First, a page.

With a little over two weeks to go before the start of the season, things are starting to take shape for the Washington Football Team. The players have endured a lot over the past few weeks, and I’m sure they are itching to go against players who don’t sport the burgundy and gold.
On September 13th, the team hosts the Philadelphia Eagles in their first live action of the season. This year is unprecedented in the fact that the players had no preseason to work out the kinks and see where they stand relative to their peers.
Therefore, what limited exposure we have had to training camp now holds more weight, because this is truly the only evidence we can gauge the team. Thus, here are my takeaways from a crazy offseason, and what I learned so far from training camp.
No More “Club Jay”
Over the last six seasons, Washington has been guided by Jay Gruden, an offensive coordinator turned head coach, who nestled in nicely with the front office of the organization. Gruden provided stability for the team, navigating them to a .500 record for most of his time here. However, he earned the reputation of being a “player’s coach”, almost to the detriment of structure and discipline. Training camp in Richmond was notorious for being especially lax, and the team often struggled the first month of the season.
In comes Ron Rivera. The early indication is Rivera can balance a disciplinarian approach as well as building relationships. Players such as Ryan Anderson have suggested that they would “run through a wall” for Rivera, and the coach has made a concerted effort to attack social justice issues head on. This human-side of the coach makes him relatable, and the players find him genuine. But he still doesn’t take lack of discipline lightly. We here at SI.com have a first-hand account of Rivera scolding his players for lack of focus.
This attention to detail, and emphasis on high standards, has been lacking in DC for a while. So the emergence of a no-nonsense coach is a breath of fresh air.
The Offensive Line May Be a Problem
Going into the season, it was clear that the team had issues of depth and high-end talent, especially on offense. Early reports have shown that the team is still lacking a clear direction on the offensive line. As we stand now, there is a battle at the left tackle and left guard position, although Geron Christian may be cementing himself as Haskins’ blind side protector.
It was apparent that the team wasn’t happy with what they saw with their O-Line early on, as they brought in a platoon of players to try out. They eventually settled with the signing of former first-round pick, Josh Garnett as a depth piece.
At this time, it appears that the offensive line is not a strength of the team. In a pivotal year in which Haskins has a lot to prove, this is somewhat concerning as the season starts.
Defense Wins Early
For those of you who follow football closely, it is common for defenses to have a leg-up early in training camp. As opposed to complex offensive concepts, defensive plays tend to be more reactionary and players tend to play more “free”. For example, playing base cover-two is much easier to grasp as opposed to “Spider 2 Y Banana” as coined by Jon Gruden.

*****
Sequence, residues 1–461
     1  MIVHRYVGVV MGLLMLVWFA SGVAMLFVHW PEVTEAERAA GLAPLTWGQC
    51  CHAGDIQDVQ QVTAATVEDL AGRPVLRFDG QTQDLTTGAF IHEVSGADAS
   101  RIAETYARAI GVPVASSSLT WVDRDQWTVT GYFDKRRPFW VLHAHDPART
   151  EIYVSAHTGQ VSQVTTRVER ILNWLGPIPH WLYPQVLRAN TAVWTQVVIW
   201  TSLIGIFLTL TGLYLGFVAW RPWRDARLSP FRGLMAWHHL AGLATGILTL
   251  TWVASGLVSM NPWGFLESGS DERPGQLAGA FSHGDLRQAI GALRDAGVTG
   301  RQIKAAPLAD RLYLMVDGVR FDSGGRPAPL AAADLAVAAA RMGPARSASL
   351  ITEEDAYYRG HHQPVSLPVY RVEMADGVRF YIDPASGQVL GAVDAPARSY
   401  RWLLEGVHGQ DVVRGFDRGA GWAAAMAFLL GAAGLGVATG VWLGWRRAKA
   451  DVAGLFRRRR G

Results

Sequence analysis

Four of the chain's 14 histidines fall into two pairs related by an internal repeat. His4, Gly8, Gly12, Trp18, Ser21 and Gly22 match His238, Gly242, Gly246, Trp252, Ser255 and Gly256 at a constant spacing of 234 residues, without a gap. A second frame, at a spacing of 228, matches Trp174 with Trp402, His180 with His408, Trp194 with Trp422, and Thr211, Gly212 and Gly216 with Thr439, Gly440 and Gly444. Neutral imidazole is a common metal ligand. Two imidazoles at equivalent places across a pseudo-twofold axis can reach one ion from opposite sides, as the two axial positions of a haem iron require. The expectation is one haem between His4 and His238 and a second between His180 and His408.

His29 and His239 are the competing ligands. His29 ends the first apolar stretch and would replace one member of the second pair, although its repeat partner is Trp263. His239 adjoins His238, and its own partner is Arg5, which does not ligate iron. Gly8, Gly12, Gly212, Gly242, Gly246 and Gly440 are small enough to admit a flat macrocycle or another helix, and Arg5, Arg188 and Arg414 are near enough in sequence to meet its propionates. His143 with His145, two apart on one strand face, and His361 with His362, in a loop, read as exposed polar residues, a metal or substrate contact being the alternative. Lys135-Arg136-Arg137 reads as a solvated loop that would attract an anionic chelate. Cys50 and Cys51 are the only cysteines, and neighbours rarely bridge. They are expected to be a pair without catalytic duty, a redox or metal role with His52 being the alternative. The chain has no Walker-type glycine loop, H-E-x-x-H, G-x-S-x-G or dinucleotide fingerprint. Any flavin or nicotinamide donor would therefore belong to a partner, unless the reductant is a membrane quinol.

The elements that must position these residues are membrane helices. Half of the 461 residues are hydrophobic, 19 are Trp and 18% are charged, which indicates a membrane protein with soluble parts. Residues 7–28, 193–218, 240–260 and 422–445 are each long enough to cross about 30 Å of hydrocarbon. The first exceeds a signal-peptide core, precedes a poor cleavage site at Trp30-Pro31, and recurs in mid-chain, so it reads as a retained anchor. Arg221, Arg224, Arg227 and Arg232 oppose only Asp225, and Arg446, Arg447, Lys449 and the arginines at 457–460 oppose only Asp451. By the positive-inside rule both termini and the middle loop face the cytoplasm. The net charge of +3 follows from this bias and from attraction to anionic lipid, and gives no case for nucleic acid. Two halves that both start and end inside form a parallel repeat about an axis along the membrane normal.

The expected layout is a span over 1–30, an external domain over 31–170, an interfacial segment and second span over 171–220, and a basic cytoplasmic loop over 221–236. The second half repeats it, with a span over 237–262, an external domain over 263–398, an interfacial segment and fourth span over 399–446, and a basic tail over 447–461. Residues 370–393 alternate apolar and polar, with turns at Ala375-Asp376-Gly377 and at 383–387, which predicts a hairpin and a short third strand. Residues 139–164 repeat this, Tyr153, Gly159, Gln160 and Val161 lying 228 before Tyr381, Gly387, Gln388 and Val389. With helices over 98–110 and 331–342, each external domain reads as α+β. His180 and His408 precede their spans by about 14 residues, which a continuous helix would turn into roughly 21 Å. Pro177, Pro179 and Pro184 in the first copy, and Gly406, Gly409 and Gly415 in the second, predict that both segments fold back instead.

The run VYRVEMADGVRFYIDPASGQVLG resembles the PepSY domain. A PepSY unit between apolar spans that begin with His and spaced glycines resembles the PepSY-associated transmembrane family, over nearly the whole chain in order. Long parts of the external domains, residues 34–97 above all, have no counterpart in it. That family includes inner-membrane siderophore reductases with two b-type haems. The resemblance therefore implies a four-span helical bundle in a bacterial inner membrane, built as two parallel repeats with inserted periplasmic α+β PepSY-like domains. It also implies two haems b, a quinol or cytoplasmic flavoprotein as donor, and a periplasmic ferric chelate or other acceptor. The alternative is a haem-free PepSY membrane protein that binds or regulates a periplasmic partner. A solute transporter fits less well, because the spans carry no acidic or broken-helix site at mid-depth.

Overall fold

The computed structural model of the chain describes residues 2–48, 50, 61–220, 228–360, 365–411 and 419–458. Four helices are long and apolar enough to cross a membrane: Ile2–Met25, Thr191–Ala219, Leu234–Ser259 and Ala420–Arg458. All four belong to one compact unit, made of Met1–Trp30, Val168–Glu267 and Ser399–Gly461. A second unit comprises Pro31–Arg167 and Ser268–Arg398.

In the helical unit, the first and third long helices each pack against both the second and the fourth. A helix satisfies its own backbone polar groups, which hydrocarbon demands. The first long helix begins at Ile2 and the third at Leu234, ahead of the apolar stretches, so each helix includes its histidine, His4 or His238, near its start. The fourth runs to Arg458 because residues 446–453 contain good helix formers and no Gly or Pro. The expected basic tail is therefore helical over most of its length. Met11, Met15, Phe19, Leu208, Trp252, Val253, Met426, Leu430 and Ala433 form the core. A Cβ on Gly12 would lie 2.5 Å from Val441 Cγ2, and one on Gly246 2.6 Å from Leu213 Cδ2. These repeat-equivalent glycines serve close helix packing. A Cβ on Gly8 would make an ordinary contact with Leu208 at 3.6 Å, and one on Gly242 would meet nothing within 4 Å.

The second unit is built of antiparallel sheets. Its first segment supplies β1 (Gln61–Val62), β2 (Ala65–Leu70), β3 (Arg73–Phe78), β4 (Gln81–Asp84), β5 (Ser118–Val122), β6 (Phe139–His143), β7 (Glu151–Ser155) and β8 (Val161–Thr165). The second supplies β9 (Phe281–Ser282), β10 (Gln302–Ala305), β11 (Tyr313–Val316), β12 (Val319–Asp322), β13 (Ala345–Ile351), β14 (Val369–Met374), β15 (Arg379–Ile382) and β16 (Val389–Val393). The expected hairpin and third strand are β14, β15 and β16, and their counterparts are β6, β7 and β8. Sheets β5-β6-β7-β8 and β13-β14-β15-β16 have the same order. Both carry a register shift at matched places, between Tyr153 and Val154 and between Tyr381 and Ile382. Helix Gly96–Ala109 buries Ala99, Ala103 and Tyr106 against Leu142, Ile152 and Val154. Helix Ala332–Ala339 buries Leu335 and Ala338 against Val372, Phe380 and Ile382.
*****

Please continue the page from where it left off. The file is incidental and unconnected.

What we have seen so far in Ashburn is that the defensive line is coming off “as advertised” and players such as Da’Ron Payne, Montez Sweat and Chase Young have flashed. Granted, hitting has been limited and many of the drills favor the defense, but it is nice to see the players coming in confident and aggressive. Young has shown that his athleticism translates to the pro-level, and that’s a very good sign for this team. Here’s an example of him blowing up tight-end Logan Thomas
One thing I did notice? The linebackers have still struggled in coverage over the middle of the field. That may be an issue come Zach Ertz, Evan Engram time.
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Apke and Christian Shine
Often when a player drafted from the previous regime is leftover, their playing status, or even standing on the team, comes into jeopardy. The opposite seems to ring true for former Gruden picks-- safety Troy Apke and Christian. Both players seem to be thriving with a coaching change and have made strides for serious playing time.
Apke has been lined up at the starting free safety position and his high-end speed may mesh well in a Cover-1, Jack Del Rio Defense. Del Rio emphasizes a press-man scheme and favors a free safety that is more like a centerfielder. This will allow strong-safety Landon Collins to play in the box, and Apke to utilize his speed. So far, so good for the Penn State product, although I’m still concerned about his open-field tackling in run support.
Christian has been a pleasant surprise this season. To be honest, I thought he would have been a camp casualty due to what I’ve heard over the last few years. There didn’t seem to be confidence in his abilities with the last regime, and many thought he lacked urgency and fire at the position.
The former Louisville Cardinal is now opening eyes in Ashburn, and has a very real shot to open up the season as the starting left tackle. This would have been unheard of a few months ago. Good for him. His development would go a long way to improve the fortune of this team.
George Carmi joined "Washington Football" on SI.com in April. He is also an editor/contributing writer to FullPressCoverage.com or @FPC_Redskins. He is a native of the DC metropolitan area and is an avid fan of DC Sports. A former journalism major at the University of Maryland, his focus is now in public education. His earliest memories consist of Darrell Green, "The Posse" and Super Bowl XXVI. Follow him on twitter @Gcarmi21